These enormous creatures were called crocodiles of the sand, but their bodies more closely resembled lizards'. Their legs had the form of flippers which allowed them to easily move through sands in swimming motions, while they had to travel over solid ground gracelessly flopping forward. Their eyes are within deep-set cavities in their skull.
Their resilient knobby scales had various colors of sand and stone, from red-brown to grayish-white. Together with their long thing tails, lesser hatori were 10 ft (3 m) to 50 ft (15 m) in length, while specimen of up to 200 ft (61 m) long were found in the greater variety. Hatori grew slowly and continously throughout their long lives.
These reptiles only mate once every ten years, after intense battles fought between the males deep in the desert. The parents went their separate ways afterwards, but the females care for their offspring until it reaches about 50 years of age.
To hunt for food hatori hid themselves below the sand and between the rocks of their habitat to surprise their prey. Their coloration made this camouflage very effective. They attacked with their powerful tail and bit with their enormous jaws, often swallowing victims whole.
Hatori stood at the top of the food chain in their habitat, except possibly dragons living in the same area, or sometimes other hatori. Their habit of swallowing everything edible also meant that they sometimes had valuables resistant to digestion inside their intestines.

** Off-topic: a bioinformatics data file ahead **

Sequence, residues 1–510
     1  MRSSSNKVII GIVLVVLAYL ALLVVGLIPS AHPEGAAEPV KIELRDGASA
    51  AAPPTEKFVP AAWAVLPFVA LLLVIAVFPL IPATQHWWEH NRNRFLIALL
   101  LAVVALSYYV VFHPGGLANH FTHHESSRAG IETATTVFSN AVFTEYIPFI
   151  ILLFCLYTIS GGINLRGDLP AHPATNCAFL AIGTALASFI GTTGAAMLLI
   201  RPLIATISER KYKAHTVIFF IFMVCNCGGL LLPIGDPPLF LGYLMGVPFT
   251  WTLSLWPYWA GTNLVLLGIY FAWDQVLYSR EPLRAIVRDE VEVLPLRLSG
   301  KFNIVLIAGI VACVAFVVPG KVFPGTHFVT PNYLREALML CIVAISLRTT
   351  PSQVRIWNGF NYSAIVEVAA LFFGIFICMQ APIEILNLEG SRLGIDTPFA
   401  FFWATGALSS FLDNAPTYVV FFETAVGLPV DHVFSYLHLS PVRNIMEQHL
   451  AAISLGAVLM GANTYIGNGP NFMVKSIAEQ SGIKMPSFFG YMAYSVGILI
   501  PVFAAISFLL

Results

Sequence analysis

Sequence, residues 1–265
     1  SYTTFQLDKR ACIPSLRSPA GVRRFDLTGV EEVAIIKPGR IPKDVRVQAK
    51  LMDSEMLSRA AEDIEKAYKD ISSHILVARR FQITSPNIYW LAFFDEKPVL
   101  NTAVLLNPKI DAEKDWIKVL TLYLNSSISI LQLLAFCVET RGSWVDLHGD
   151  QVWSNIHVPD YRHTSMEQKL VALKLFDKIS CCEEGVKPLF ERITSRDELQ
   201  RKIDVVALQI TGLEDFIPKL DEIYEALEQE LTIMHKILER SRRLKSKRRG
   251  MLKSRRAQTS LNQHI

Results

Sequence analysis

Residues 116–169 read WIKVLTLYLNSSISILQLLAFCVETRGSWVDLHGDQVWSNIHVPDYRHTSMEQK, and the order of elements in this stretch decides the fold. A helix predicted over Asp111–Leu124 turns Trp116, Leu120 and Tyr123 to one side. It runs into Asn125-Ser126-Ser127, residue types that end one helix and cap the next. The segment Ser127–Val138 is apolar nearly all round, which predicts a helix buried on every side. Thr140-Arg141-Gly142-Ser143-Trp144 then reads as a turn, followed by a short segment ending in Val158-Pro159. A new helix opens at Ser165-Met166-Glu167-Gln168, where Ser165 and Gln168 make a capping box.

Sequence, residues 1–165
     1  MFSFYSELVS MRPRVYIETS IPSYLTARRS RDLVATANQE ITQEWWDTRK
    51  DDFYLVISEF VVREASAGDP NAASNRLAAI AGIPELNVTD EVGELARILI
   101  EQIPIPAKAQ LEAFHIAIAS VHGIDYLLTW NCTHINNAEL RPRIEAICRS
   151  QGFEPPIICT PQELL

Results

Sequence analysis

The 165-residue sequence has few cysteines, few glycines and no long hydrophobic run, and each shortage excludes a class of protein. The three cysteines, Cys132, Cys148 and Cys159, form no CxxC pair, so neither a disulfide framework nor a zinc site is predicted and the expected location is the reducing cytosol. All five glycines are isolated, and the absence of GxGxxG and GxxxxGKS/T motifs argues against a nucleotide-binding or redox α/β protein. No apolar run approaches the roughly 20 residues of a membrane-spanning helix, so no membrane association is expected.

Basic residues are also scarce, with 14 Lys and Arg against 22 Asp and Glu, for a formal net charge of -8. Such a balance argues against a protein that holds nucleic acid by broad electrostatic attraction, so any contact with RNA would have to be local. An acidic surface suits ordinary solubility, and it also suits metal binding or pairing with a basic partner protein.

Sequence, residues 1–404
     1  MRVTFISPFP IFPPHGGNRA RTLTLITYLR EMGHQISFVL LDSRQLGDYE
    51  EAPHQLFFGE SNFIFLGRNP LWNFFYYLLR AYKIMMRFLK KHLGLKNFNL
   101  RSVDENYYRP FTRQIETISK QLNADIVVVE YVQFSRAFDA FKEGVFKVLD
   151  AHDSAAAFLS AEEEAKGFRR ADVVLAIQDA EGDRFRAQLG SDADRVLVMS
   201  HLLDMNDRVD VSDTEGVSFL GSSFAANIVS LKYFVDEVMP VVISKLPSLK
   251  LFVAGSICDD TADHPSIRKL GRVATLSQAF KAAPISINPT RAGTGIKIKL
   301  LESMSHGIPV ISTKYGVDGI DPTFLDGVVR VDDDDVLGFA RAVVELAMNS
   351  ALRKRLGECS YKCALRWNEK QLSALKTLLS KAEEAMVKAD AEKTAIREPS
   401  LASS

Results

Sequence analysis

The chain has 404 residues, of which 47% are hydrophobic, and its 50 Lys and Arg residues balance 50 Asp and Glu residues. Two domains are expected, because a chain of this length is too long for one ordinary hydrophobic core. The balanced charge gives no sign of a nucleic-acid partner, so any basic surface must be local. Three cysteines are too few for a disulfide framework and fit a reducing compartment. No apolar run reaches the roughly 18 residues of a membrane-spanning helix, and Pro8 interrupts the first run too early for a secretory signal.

Greater and Lesser HatoriEdit
Crocodiles of the sands were sometimes distinguished into lesser and greater hatori, depending on their size, with a length of 50‒60 ft (15‒18 m) being the dividing line. These were not two different races, however, but simply younger and older specimen.
Rumors and LegendsEdit
- Star of Cursrah (mentioned)
- ↑ 1.00 1.01 1.02 1.03 1.04 1.05 1.06 1.07 1.08 1.09 1.10 1.11 1.12 1.13 1.14 Rick Swan et al. (1990). Monstrous Compendium Dragonlance Appendix. Edited by Mike Breault. (TSR, Inc.). ISBN 0-88038-822-6.
- ↑ 2.00 2.01 2.02 2.03 2.04 2.05 2.06 2.07 2.08 2.09 2.10 2.11 2.12 2.13 2.14 Doug Stewart (June 1993). Monstrous Manual. (TSR, Inc), p. 185. ISBN 1-5607-6619-0.
- ↑ 3.0 3.1 3.2 3.3 3.4 Clayton Emery (January 1999). Star of Cursrah. (Wizards of the Coast), p. 26. ISBN 0-7869-1322-3.